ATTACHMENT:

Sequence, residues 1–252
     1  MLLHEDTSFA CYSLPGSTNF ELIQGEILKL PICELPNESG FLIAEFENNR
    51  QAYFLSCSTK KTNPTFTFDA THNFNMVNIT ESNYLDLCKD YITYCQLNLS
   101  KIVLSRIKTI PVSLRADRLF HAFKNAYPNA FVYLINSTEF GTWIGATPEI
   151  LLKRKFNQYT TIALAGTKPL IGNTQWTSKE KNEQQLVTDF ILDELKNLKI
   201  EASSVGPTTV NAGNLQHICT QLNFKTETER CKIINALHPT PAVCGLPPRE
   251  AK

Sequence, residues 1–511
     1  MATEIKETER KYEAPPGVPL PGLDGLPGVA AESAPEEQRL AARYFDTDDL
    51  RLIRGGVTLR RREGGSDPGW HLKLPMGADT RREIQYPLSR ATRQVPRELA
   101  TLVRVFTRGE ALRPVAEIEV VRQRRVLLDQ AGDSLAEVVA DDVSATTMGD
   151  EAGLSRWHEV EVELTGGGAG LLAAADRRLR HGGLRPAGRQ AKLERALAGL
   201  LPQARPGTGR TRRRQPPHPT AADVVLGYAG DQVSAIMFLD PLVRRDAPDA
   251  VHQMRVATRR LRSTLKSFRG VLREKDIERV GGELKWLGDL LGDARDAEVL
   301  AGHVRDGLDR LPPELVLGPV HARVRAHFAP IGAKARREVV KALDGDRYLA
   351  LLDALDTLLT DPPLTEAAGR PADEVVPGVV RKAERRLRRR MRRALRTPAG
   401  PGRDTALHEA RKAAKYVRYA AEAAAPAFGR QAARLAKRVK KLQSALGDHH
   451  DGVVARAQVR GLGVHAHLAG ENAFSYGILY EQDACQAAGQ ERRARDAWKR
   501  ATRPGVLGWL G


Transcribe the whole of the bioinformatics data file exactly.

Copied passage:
Sequence, residues 1–252
     1  MLLHEDTSFA CYSLPGSTNF ELIQGEILKL PICELPNESG FLIAEFENNR
    51  QAYFLSCSTK KTNPTFTFDA THNFNMVNIT ESNYLDLCKD YITYCQLNLS
   101  KIVLSRIKTI PVSLRADRLF HAFKNAYPNA FVYLINSTEF GTWIGATPEI
   151  LLKRKFNQYT TIALAGTKPL IGNTQWTSKE KNEQQLVTDF ILDELKNLKI
   201  EASSVGPTTV NAGNLQHICT QLNFKTETER CKIINALHPT PAVCGLPPRE
   251  AK

Sequence, residues 1–511
     1  MATEIKETER KYEAPPGVPL PGLDGLPGVA AESAPEEQRL AARYFDTDDL
    51  RLIRGGVTLR RREGGSDPGW HLKLPMGADT RREIQYPLSR ATRQVPRELA
   101  TLVRVFTRGE ALRPVAEIEV VRQRRVLLDQ AGDSLAEVVA DDVSATTMGD
   151  EAGLSRWHEV EVELTGGGAG LLAAADRRLR HGGLRPAGRQ AKLERALAGL
   201  LPQARPGTGR TRRRQPPHPT AADVVLGYAG DQVSAIMFLD PLVRRDAPDA
   251  VHQMRVATRR LRSTLKSFRG VLREKDIERV GGELKWLGDL LGDARDAEVL
   301  AGHVRDGLDR LPPELVLGPV HARVRAHFAP IGAKARREVV KALDGDRYLA
   351  LLDALDTLLT DPPLTEAAGR PADEVVPGVV RKAERRLRRR MRRALRTPAG
   401  PGRDTALHEA RKAAKYVRYA AEAAAPAFGR QAARLAKRVK KLQSALGDHH
   451  DGVVARAQVR GLGVHAHLAG ENAFSYGILY EQDACQAAGQ ERRARDAWKR
   501  ATRPGVLGWL G